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Epilogue to “Islam in China/China in Islam”

Epilogue to “Islam in China/China in Islam” Mount Holyoke College In my opening comments during the conference "The Everyday Life of Islam: Focus on Islam in China," held at Cornell University on April 27 and 28, 2012, I proposed a number of themes, tensions, and conflicts on which we might focus our discussion of the papers. This epilogue will summarize some of the conversations that ensued and note areas of particular interest that emerged from revisions to the five essays presented in this special issue of Cross-Currents: East Asian History and Culture Review. Some conference participants attempted to make generalizations at national and transnational levels, while others stuck tenaciously to local details. Our discussions sometimes strayed from "everyday life," but rarely from diverse, sometimes divisive, solutions to the everyday problem of "being Muslim and being Chinese" and its macrocosmic projection, "Islam in China/China in Islam," or, in Rian Thum's contribution, Islam not in China. The essays here, influenced by conversations and debates during the conference, suggest future agendas for study of Islam in China and research on Muslim minorities and comparative religion and politics. CATEGORIES AND PARADIGMS Intellectual contexts deeply influence academic arguments, which depend upon, and arise directly from, the categories scholars use to http://www.deepdyve.com/assets/images/DeepDyve-Logo-lg.png Cross-Currents: East Asian History and Culture Review University of Hawai'I Press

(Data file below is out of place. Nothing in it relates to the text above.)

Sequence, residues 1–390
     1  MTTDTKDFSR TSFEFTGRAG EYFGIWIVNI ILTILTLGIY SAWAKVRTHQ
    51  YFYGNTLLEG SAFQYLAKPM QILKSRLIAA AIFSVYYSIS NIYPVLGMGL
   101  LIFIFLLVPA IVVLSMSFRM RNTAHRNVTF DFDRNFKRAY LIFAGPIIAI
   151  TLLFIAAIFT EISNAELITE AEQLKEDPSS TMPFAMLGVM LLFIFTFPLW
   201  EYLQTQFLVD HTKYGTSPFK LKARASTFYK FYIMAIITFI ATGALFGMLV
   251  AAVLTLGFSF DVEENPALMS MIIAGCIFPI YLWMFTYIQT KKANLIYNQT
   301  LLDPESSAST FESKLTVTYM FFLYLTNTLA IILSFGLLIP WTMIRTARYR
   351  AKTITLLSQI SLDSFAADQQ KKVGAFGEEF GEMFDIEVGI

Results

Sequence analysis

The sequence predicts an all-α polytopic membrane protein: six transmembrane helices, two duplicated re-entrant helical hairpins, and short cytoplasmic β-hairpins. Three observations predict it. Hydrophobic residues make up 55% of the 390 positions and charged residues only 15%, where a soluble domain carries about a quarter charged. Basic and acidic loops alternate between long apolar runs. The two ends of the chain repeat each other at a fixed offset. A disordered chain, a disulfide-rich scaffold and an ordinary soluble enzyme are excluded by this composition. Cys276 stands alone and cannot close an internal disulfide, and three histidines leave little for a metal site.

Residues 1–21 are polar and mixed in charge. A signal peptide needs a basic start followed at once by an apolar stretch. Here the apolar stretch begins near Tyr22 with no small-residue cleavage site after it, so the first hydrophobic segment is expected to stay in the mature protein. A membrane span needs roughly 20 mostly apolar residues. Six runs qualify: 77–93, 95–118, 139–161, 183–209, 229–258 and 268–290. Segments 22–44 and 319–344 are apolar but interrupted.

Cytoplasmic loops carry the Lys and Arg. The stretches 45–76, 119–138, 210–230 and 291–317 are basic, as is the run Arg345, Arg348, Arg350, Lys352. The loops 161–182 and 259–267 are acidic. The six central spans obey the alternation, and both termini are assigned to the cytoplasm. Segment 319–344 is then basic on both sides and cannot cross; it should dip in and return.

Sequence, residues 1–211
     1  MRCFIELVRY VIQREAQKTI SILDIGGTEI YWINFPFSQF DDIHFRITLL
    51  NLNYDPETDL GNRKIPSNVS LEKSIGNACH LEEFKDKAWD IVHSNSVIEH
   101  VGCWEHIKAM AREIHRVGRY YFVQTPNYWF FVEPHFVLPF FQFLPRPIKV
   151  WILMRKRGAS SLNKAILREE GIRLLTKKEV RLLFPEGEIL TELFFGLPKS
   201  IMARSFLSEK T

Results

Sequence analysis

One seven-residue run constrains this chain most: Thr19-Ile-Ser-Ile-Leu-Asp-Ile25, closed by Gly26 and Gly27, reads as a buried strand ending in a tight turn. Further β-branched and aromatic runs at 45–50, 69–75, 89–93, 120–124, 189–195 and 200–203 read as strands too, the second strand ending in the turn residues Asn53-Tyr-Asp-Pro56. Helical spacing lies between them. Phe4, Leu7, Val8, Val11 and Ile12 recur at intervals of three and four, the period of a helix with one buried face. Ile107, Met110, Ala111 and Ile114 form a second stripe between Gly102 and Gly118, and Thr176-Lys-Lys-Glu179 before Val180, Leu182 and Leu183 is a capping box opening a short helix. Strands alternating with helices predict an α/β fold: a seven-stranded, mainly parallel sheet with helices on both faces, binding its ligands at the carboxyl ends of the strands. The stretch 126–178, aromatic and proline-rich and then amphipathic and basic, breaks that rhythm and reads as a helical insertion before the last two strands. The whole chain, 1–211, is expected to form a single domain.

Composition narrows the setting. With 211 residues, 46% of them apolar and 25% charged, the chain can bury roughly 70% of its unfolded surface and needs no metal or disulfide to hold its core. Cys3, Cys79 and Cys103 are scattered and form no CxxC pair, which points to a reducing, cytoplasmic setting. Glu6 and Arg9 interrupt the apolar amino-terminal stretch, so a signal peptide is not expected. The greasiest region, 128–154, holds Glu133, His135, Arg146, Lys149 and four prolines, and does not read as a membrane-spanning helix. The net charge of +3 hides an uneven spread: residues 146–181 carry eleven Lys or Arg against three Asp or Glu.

Epilogue to “Islam in China/China in Islam”

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Publisher
University of Hawai'I Press
Copyright
Copyright © Research Institute of Korean Studies, Korea University
ISSN
2158-9674
Publisher site
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Abstract

Mount Holyoke College In my opening comments during the conference "The Everyday Life of Islam: Focus on Islam in China," held at Cornell University on April 27 and 28, 2012, I proposed a number of themes, tensions, and conflicts on which we might focus our discussion of the papers. This epilogue will summarize some of the conversations that ensued and note areas of particular interest that emerged from revisions to the five essays presented in this special issue of Cross-Currents: East Asian History and Culture Review. Some conference participants attempted to make generalizations at national and transnational levels, while others stuck tenaciously to local details. Our discussions sometimes strayed from "everyday life," but rarely from diverse, sometimes divisive, solutions to the everyday problem of "being Muslim and being Chinese" and its macrocosmic projection, "Islam in China/China in Islam," or, in Rian Thum's contribution, Islam not in China. The essays here, influenced by conversations and debates during the conference, suggest future agendas for study of Islam in China and research on Muslim minorities and comparative religion and politics. CATEGORIES AND PARADIGMS Intellectual contexts deeply influence academic arguments, which depend upon, and arise directly from, the categories scholars use to

Journal

Cross-Currents: East Asian History and Culture ReviewUniversity of Hawai'I Press

Published: Jan 20, 2015

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